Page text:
Mitigating Risks Through Collaborative Delivery

During the preliminary design or preconstruction phase of a project, developing a risk registry in parallel with the design, scope development and costing, gives the owner and the collaborative delivery firm a clear understanding of potential risks and their potential effects on delivering the final project.

If the owner and the firm practice true collaboration during this phase, they can discover risks early and have them addressed by whichever party is best suited to resolve the issue.

Examples of risks to owners and collaborative-delivery firms on water infrastructure projects may include:

  • Unforeseen conditions;
  • Delivery delays;
  • Weather;
  • Schedule;
  • Process performance;
  • Warranty;
  • Service disruptions; and
  • Safety of the public and operating staff

Many new water-infrastructure projects, particularly those with expansions or enhancements of currently operating facilities, include a number of these risks. Specifically, unforeseen conditions and service disruptions is a prime example, where owners have often shifted this risk to the design-build firms, which could create service outages. In this instance, owner’s need to consider retaining this risk, in order to ensure that they are in control of continuing to provide essential operational services throughout construction.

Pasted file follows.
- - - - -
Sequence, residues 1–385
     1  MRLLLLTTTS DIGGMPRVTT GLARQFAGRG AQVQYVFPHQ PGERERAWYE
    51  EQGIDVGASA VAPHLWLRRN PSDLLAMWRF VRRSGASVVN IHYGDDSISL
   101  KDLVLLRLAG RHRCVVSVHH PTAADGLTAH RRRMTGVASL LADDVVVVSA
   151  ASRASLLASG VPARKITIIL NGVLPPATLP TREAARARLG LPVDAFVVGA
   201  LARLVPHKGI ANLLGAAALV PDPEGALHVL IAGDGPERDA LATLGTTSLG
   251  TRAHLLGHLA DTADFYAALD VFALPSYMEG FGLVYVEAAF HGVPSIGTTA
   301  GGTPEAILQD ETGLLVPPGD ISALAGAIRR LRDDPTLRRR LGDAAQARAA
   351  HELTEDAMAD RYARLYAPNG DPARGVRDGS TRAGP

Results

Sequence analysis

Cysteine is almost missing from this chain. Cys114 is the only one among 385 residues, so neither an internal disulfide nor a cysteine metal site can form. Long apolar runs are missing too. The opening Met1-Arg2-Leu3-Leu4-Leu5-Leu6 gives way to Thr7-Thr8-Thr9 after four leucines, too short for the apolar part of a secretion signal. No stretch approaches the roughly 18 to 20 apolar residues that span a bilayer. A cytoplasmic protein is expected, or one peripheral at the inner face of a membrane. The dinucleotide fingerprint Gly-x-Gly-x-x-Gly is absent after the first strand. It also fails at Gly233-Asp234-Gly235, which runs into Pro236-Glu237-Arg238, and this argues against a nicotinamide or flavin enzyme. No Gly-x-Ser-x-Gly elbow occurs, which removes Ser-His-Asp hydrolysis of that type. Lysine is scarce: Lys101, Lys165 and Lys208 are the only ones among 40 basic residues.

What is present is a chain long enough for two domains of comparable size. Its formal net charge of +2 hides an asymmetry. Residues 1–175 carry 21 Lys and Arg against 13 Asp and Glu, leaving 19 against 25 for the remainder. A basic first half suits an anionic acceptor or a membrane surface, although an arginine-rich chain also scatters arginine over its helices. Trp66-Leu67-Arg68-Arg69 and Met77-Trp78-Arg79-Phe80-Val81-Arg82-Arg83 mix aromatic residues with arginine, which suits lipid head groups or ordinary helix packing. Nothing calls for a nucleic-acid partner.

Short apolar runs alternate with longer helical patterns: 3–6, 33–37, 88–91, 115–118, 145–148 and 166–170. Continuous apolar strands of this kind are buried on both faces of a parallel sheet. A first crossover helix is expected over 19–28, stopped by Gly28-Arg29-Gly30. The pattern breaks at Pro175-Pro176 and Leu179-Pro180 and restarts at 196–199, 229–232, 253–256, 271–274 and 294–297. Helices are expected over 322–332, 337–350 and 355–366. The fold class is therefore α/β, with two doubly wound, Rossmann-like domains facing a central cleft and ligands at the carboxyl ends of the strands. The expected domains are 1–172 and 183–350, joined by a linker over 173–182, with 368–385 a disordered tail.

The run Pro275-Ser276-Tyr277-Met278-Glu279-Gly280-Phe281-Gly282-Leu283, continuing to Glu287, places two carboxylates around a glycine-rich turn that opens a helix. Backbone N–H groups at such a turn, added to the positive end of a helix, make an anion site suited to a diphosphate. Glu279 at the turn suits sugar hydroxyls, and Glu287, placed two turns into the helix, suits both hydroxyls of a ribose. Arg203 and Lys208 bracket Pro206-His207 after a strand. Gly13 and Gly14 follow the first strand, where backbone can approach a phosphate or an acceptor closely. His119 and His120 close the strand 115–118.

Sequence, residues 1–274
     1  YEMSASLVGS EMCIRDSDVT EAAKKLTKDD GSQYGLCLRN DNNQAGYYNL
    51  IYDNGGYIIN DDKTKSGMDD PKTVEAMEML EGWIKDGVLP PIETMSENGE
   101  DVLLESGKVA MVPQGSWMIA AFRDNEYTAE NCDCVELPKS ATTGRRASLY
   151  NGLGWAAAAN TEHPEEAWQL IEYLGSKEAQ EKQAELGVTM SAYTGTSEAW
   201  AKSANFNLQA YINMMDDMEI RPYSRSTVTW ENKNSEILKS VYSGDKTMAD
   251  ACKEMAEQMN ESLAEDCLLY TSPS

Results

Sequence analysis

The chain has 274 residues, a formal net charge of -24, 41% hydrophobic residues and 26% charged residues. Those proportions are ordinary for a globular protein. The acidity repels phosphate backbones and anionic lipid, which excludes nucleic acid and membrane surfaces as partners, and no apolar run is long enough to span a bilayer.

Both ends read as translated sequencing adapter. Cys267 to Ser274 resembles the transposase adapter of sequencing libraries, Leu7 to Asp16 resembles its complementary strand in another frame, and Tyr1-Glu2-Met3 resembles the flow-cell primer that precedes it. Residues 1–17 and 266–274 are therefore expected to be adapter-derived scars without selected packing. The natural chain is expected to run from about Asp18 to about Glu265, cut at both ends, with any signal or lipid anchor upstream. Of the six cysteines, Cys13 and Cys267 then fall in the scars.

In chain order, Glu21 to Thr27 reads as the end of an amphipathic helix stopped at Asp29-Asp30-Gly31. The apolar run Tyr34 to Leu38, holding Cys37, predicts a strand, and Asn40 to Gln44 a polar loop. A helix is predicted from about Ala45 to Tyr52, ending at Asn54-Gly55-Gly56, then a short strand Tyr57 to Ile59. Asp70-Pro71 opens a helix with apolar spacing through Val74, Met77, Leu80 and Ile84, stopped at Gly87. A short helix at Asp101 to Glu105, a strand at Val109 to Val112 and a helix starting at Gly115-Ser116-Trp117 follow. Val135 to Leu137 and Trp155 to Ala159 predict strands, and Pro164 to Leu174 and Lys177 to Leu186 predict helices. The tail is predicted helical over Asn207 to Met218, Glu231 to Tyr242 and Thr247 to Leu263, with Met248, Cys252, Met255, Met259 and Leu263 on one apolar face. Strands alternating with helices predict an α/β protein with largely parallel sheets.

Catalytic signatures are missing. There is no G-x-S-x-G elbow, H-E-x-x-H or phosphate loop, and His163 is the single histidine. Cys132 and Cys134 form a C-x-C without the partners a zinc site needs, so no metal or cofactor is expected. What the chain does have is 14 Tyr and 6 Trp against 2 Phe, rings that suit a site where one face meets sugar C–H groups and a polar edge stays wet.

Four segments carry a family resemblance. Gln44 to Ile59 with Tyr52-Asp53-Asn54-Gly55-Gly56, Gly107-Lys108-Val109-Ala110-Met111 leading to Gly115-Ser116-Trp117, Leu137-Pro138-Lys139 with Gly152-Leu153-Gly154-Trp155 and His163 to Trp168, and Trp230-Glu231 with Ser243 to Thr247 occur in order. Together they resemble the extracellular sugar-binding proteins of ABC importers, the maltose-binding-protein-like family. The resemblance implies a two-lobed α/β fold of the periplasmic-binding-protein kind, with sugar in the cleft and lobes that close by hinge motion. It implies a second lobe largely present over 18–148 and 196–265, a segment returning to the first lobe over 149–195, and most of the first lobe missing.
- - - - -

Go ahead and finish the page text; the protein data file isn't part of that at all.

Another area — preliminary investigations of existing process and piping-including underground — is key to successful preliminary design, constructability reviews and costing. “As-builts” or final plans are often used as starting point for establishing design and scope on water projects. in these situations, the design-build team must physically verify the site conditions, types of materials and locations of the facilities on which are to be included in the new work. Discovery of locations, sizes and materials of existing pipelines and structures through hydro excavations and internal cameras can be safely accomplished without the risk of disrupting service.

Operations involvement throughout the preliminary investigation process is vital as part of the team because they need to know for how long key processes may be offline for tie-ins.  The sooner a roadblock is identified and resolved, the costs and disruptions will be lessened.

We know problems can be complex when working in these existing sites, but with collaboration these risks can be diminished.  Most often there will be a design resolution to each construction challenge and a construction resolution to each design challenge.


About David Odell, Vice President, UCI Construction

Topics: Collaborative Delivery, Risk Allocation.

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